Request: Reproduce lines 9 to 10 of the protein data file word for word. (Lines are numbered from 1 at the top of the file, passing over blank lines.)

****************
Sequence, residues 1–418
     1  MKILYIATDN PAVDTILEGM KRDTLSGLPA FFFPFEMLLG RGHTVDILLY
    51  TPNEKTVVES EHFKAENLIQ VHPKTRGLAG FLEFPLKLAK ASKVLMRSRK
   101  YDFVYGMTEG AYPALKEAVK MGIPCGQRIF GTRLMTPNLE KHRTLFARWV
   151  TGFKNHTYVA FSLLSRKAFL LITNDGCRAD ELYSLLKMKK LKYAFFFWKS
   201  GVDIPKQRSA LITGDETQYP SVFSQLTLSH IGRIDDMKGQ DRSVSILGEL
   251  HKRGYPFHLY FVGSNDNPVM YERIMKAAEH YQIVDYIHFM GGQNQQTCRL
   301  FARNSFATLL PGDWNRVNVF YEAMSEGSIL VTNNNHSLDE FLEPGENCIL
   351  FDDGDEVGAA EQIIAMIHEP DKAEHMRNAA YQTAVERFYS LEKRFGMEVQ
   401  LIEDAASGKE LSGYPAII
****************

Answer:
   351  FDDGDEVGAA EQIIAMIHEP DKAEHMRNAA YQTAVERFYS LEKRFGMEVQ
   401  LIEDAASGKE LSGYPAII